Gender differences in exercise-induced changes in sex hormone levels and lipid peroxidation in athletes participating in the Hawaii Ironman triathlon. Ginsburg-gender and exercise-induced lipid peroxidation.
BACKGROUND: Exercise reduces the risk of coronary heart disease in men and women but paradoxically, may promote free-radical formation, lipid peroxidation and vascular tissue injury. In this study, we assessed whether exercise-induced oxidative stress similarly affected men and women who participated in the Hawaii Ironman triathlon. METHODS AND RESULTS: Fifty-seven athletes (38 males) who completed the triathlon (3.9 km swim, 180.2 km bike, 42.2 km run) participated in this study. Blood samples were obtained 2 days before and immediately after the triathlon for the measurement of lipids, antioxidants and sex hormones and for the assessment of the susceptibility of plasma lipids to peroxidation. Lipid changes after exercise were similar for men and women. However, the susceptibility of plasma lipids to peroxidation was reduced by 61% (P < 0.001) in men and only 14% (P = NS) in women postrace. These changes were not associated with the supplemental use or levels of antioxidants. In addition, in men there was an increase of 58% in the antioxidant sex hormone estradiol and a decrease of 58% in testosterone (P < 0.001) postrace. No significant changes were noted for these two hormones in women. CONCLUSIONS: There are significant gender-specific differences in the susceptibility of lipids to peroxidation and in changes in estradiol and testosterone levels as a result of ultra-endurance exercise. These changes may in part explain the salutary effect of exercise on the development of vascular disease.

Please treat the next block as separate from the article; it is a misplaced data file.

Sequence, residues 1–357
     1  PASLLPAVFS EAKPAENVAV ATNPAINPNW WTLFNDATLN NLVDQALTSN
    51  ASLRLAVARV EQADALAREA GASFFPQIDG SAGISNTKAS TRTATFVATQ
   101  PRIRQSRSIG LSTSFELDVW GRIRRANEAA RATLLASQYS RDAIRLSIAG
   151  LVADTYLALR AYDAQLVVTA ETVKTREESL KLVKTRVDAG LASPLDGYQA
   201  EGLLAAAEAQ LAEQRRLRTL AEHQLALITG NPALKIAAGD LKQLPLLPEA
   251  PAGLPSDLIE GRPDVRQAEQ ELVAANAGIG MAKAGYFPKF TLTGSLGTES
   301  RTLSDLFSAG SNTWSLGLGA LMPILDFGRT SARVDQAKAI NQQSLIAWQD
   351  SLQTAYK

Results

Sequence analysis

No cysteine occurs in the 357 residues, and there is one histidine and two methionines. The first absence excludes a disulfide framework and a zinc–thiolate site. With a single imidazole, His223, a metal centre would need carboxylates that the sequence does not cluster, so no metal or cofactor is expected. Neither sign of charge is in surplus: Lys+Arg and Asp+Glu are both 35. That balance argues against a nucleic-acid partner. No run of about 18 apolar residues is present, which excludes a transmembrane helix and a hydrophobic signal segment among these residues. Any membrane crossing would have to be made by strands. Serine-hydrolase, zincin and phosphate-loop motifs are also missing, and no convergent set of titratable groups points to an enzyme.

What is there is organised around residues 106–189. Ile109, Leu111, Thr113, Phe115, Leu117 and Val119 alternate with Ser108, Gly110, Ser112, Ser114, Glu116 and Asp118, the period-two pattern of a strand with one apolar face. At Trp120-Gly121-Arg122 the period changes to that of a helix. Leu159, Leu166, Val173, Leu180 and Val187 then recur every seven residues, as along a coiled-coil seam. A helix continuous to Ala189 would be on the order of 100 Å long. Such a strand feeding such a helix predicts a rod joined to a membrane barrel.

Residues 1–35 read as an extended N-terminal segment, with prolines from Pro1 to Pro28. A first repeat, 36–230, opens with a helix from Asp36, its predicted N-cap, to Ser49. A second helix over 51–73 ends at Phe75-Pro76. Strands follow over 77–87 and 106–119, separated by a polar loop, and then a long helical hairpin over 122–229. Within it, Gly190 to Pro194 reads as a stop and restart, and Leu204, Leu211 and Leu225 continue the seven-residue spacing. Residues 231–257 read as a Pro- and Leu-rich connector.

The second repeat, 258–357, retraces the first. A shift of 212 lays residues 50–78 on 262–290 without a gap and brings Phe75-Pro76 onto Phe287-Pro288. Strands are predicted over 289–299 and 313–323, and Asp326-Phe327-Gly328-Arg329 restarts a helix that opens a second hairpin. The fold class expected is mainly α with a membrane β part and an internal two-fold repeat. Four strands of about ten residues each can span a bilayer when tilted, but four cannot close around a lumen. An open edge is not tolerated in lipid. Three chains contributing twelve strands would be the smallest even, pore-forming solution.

Ginsburg, GS; O'Toole, M; Rimm, E; Douglas, PS; Rifai, N
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